Geology of the Delphine Creek area, southeastern British Columbia: implications for the proterozoic and paleozoic development of the cordilleran divergent margin
Strati graphic and structural relationships within, and adjacent to, the Delphine Creek area of southeastern British Columbia are consistent with the hypothesis that the Cordilleran divergent margin formed at the western edge of North America following rifting during the Late Proterozoic and continental separation at the approximate start of the Paleozoic (e.g. Stewart, 1972, 1976; Bond and Kominz, 1983). Within the study area, there is evidence for extensional faulting during deposition of the Middle Proterozoic Dutch Creek Formation <Purcell Supergroup), the Upper(?) Proterozoic Mount Nelson Formation, the Upper Proterozoic Toby Formation and Horsethief Creek Group (Windermere Supergroup), the Middle Devonian Mount Forster Formation, and . the Middle and Upper(?) Devonian Starbird(?) Formation. Extensional faulting during the Early Paleozoic is inferred from regional stratigraphic relationships. Syndepositional faulting has had a significant influence on lateral variations in the thicknesses of, and facies distributions within, Proterozoic and Paleozoic stratigraphic sequences. Angular unconformities below the Mount Forster Formation and Starbird(?) Formation record folding events. The Middle Proterozoic Purcell Supergroup is interpreted to have been deposited in a failed rift. The Mount Nelson Formation, which was in previous studies considere d to be part of the Purcell Supergroup, is probably close ly r el ated in age to the ri f t stage deposits of the Upper P roterozoic Windermere Supergroup, and is interpreted as the pre-rift stage deposit o f the margin. Extension, and possible contraction and/or strike-slip tectonism, during the Middle (and Late? ) Devonian may have occurred within a back-arc setting. Uplifted arches present during the Proterozoic and Paleozoic are suggested to have been analogous to the uplifted basin margins that flank modern rifts. Texturally and mineralogically immature sediments of the Upper Proterozoic Horsethief Creek Group were derived from Lower Proterozoic basement rocks and pre-Windermere Supergroup strata that were exposed in uplifts that flanked the Horesethief Creek rift basin on the east, and at least locally, the west side. The northwest-trending Windermere High is considered to have been an arch that was related to lithospheric extension at the outer part of the margin during the Early Paleozoic. The West Alberta . Arch may have been an uplift that was related to mid-Devonian extension. Mesozoic structures in the study area comprise phase one thrust faults, phase two folds (and related faults) that deform the phase one thrusts, and phase three thrusts that cut phase one and phase two structures and may have a component of transcurrent displacement.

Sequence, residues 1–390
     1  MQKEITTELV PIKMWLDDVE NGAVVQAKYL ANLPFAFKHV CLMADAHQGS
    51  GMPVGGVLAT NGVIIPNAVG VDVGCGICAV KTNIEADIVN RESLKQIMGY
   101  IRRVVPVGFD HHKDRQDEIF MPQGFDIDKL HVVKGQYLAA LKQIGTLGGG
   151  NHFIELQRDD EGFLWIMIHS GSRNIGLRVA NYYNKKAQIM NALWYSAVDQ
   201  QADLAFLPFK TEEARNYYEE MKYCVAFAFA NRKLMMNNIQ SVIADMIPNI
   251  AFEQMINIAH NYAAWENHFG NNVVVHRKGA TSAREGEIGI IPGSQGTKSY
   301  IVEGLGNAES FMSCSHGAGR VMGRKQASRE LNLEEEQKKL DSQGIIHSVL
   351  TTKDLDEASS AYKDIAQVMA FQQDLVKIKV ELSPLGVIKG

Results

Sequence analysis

Bibliography: p. 423-446.
Root, K. G. (1987). Geology of the Delphine Creek area, southeastern British Columbia: implications for the proterozoic and paleozoic development of the cordilleran divergent margin (Unpublished doctoral thesis). University of Calgary, Calgary, AB. doi:10.11575/PRISM/19492